Lesson learned from Newton ordeal
NFL quarterback Cam Newton got a wake-up call this past week after comments he made toward a female reporter during a news conference. Newton chuckled at the reporter’s question about his receivers’ routes, saying: “It’s funny to hear a female talk about routes.”
I’m sure many women reporters, myself included, have witnessed that kind of attitude from a coach or athlete, even if not so blatantly articulated. And maybe we should be thanking to him for putting that attitude out there, and sparking the conversation. It was so outrageous it’s hard to believe he really meant it.
In the hours that followed, Newton faced blowback that he could have never imagined, from becoming fodder for discussion on news and sports programs across the nation, to being dropped by one of his sponsors, Dannon Yogurt. Newton apologized, asking women in general for their forgiveness.
That apology, released on social media seemed genuine, and not just because it cost Newton sponsorship dollars. The 2015 NFL MVP recognized his responsibility as a role model, saying he “tries to use my platform to inspire others.” But more importantly, he acknowledged his responsibility within his own family:
“I’m a father of two beautiful daughters,” he said, “and at their age I try to instill in them that they can do and be whatever they want to be.”
We live in a time when more girls than ever before are playing sports, and starting at a younger age. Women today have literally grown up on athletic fields, with sports playing an important role in their lives, helping to shape a sense of self, of their place as part of a team, and qualities of character and leadership.
And more doors to careers fields in athletics have opened to women than ever before, media being just one of them: pro athletes, coaches, doctors, sports information professionals, groundskeepers, the list goes on and on.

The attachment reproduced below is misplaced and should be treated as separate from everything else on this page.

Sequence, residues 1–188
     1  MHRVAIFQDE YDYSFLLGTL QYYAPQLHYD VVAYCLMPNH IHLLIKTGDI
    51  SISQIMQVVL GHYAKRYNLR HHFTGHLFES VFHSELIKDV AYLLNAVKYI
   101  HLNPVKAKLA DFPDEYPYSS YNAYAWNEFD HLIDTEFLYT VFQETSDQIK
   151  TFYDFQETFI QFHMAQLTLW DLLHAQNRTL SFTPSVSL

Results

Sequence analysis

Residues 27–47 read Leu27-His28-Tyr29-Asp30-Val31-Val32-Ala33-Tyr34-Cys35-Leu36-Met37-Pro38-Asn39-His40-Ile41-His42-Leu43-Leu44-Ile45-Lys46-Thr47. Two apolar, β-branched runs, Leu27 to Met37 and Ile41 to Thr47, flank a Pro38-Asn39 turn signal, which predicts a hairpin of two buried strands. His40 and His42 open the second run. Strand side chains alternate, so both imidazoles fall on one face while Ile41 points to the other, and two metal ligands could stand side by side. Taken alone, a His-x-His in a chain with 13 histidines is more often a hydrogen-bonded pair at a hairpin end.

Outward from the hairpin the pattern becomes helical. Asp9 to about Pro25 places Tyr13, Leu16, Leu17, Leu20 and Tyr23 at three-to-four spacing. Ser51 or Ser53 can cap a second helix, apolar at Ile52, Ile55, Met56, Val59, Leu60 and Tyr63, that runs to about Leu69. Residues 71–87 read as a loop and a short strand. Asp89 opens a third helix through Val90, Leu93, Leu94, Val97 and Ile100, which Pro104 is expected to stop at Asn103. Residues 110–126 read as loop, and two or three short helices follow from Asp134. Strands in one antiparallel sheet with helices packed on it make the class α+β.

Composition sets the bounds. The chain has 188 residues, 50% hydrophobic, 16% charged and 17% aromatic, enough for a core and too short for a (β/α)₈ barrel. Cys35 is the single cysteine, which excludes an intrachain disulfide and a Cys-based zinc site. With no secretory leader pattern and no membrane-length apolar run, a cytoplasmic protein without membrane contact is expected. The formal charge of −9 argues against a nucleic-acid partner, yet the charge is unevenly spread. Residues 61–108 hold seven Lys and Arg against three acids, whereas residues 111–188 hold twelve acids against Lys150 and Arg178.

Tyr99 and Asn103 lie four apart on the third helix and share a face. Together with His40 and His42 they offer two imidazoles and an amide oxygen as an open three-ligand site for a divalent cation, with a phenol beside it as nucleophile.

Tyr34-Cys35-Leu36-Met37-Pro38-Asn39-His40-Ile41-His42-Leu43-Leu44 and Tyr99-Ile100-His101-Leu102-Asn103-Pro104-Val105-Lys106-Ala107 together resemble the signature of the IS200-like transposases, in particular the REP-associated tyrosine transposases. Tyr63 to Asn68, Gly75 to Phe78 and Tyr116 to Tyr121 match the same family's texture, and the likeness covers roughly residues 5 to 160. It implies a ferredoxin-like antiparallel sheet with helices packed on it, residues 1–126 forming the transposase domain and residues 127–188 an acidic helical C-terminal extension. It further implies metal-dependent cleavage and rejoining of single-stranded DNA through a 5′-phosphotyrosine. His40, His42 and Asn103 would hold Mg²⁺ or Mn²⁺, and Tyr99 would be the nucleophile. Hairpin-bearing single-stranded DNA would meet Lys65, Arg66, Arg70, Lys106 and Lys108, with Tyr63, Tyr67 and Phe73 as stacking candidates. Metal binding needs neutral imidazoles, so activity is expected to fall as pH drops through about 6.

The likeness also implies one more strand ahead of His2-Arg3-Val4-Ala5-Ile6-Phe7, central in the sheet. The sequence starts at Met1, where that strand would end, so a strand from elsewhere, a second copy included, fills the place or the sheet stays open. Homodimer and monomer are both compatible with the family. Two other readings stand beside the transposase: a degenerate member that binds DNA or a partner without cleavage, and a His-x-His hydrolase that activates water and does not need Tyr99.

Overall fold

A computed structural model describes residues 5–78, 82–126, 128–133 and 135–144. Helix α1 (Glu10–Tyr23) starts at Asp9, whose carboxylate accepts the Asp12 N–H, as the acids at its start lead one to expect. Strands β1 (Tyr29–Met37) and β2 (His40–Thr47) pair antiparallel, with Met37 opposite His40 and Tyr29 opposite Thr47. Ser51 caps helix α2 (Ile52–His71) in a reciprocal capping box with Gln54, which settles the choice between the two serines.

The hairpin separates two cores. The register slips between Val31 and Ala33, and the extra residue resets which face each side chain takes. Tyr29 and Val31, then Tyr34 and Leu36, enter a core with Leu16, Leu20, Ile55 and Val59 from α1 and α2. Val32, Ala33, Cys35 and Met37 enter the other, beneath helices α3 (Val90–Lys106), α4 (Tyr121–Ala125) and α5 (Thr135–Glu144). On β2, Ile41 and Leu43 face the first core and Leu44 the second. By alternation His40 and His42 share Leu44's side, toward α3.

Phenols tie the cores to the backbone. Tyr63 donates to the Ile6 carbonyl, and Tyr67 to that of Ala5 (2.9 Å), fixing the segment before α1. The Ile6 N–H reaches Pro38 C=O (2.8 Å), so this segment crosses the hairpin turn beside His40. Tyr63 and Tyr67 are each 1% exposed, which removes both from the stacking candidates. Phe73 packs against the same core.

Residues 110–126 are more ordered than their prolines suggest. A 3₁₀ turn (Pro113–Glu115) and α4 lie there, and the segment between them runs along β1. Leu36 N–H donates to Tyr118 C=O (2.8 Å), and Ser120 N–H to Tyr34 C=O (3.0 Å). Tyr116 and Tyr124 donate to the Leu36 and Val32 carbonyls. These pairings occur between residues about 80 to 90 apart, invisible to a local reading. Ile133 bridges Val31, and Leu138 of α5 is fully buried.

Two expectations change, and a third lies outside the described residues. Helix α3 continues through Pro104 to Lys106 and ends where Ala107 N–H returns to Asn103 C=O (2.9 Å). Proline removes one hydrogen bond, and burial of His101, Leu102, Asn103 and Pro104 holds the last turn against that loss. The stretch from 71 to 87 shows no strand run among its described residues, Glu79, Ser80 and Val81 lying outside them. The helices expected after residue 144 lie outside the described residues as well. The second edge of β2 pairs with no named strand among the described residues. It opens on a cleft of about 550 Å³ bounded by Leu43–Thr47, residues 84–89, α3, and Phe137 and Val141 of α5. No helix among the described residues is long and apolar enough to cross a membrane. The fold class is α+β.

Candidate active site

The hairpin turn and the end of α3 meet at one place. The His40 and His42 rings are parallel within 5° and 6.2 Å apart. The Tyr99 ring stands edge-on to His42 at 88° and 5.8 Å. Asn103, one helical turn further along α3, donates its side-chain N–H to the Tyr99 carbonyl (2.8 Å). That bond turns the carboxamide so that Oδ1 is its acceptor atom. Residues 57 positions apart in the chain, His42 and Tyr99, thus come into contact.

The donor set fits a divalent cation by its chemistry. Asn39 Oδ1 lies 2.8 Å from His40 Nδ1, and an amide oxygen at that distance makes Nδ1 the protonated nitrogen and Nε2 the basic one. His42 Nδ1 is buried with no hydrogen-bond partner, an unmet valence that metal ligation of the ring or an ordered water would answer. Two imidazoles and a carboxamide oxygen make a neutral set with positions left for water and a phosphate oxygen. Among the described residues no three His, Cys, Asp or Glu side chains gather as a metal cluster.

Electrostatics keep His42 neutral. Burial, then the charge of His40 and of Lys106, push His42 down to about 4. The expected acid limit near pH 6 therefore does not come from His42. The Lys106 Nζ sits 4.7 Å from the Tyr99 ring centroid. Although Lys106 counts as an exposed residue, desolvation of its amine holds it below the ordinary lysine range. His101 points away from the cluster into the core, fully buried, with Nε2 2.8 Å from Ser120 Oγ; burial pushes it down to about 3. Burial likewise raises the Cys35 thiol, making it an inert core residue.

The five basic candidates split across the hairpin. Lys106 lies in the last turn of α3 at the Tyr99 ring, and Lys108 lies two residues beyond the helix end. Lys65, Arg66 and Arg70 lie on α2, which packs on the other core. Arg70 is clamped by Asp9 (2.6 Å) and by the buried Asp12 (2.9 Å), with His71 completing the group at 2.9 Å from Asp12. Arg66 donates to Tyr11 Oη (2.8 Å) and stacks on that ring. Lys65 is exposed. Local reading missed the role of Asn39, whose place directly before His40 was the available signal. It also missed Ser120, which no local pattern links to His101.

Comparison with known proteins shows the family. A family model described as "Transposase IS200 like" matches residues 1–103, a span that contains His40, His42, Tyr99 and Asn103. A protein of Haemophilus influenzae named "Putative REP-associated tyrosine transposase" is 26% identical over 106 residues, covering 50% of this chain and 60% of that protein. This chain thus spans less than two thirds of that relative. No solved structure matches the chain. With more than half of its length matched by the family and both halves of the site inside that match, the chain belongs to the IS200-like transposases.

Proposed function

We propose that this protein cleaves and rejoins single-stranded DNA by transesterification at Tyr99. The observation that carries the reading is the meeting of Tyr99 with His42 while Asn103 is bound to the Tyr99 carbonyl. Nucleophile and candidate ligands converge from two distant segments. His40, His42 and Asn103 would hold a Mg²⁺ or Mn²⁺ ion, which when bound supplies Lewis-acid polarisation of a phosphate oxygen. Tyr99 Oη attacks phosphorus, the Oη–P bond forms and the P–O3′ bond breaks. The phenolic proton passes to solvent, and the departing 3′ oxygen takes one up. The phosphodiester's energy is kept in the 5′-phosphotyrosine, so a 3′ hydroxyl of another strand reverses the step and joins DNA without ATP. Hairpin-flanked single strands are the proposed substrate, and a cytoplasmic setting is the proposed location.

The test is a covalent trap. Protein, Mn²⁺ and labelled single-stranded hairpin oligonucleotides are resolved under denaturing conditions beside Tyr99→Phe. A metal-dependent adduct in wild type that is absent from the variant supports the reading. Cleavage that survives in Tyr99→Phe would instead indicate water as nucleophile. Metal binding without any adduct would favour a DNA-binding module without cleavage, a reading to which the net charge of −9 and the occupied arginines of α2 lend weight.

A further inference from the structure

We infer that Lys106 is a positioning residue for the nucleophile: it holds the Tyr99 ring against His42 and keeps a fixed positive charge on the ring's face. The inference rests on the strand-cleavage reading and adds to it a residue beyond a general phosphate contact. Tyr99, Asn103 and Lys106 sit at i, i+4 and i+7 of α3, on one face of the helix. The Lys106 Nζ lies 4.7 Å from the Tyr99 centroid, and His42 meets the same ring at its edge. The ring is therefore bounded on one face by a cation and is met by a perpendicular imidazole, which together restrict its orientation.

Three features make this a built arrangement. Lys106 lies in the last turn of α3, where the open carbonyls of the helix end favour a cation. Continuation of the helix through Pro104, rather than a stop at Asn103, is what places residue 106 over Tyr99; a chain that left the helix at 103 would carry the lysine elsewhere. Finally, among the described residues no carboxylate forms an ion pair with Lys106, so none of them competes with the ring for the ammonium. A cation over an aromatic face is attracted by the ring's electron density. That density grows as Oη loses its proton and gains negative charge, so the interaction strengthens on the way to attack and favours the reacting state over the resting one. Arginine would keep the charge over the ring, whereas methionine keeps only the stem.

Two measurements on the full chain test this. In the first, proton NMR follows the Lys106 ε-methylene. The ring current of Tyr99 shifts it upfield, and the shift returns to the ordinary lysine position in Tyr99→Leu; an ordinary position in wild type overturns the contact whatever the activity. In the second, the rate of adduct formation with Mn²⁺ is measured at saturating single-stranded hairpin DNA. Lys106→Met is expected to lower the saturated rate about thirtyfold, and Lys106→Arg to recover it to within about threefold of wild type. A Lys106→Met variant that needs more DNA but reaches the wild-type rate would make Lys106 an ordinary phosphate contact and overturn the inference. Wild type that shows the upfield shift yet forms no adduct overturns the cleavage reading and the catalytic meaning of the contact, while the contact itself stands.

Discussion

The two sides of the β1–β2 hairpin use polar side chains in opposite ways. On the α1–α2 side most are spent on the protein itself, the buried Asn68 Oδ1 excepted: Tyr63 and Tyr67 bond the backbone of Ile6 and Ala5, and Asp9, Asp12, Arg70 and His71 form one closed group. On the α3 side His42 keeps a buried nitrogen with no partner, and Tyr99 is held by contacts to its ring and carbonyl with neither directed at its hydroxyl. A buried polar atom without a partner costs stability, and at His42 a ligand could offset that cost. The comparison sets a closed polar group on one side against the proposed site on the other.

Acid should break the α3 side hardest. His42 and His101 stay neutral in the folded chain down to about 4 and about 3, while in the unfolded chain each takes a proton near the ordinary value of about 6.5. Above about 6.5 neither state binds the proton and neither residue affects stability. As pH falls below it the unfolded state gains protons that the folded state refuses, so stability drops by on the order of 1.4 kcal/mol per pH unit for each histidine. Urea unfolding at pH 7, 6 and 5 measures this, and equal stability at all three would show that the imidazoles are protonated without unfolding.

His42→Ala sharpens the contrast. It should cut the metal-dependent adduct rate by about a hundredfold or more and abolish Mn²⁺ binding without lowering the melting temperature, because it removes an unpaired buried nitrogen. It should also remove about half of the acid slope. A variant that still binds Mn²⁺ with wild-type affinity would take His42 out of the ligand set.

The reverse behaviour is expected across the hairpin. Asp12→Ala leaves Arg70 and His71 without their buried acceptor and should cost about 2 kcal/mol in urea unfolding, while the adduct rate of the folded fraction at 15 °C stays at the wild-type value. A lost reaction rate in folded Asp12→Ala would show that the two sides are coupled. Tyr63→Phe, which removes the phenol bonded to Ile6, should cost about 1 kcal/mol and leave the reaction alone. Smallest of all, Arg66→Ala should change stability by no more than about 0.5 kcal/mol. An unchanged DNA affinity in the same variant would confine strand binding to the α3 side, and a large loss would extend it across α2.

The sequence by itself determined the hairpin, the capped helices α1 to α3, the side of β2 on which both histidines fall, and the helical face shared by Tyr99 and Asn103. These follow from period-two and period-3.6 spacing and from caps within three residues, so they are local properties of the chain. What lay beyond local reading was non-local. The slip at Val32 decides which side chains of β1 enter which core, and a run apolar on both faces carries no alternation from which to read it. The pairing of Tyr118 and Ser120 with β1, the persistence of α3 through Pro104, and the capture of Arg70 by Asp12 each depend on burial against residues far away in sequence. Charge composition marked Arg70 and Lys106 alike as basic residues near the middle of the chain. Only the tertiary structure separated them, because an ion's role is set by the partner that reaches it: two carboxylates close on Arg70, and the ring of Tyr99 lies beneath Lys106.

Right here in our area, the athletic programs at both Penn State and Pitt are led by women.
Ironically, the same week that Newton made his unfortunate remarks, the WNBA was enjoying its largest championship-series viewership in years, and reporting a record-breaking social media impact, with 246 million impressions.
The NFL itself reports that 45 percent of its fans are women, and I suspect many of them understand the concept of receivers’ routes. The concept of women as sport journalists should not be anything new or novel, and in most places we are accepted and even celebrated.
In his videotaped apology, Newton acknowledged that the last week was a learning experience for him and had this message for the next generation:
“To the young people who see this I hope you learn a valuable lesson as well,” he said, “don’t be like me, be better than me.”
And for young girls dreaming of a career in athletics: be whatever you want to be.
Kellie Goodman Shaffer can be reached at firstname.lastname@example.org. Her column appears on Tuesdays.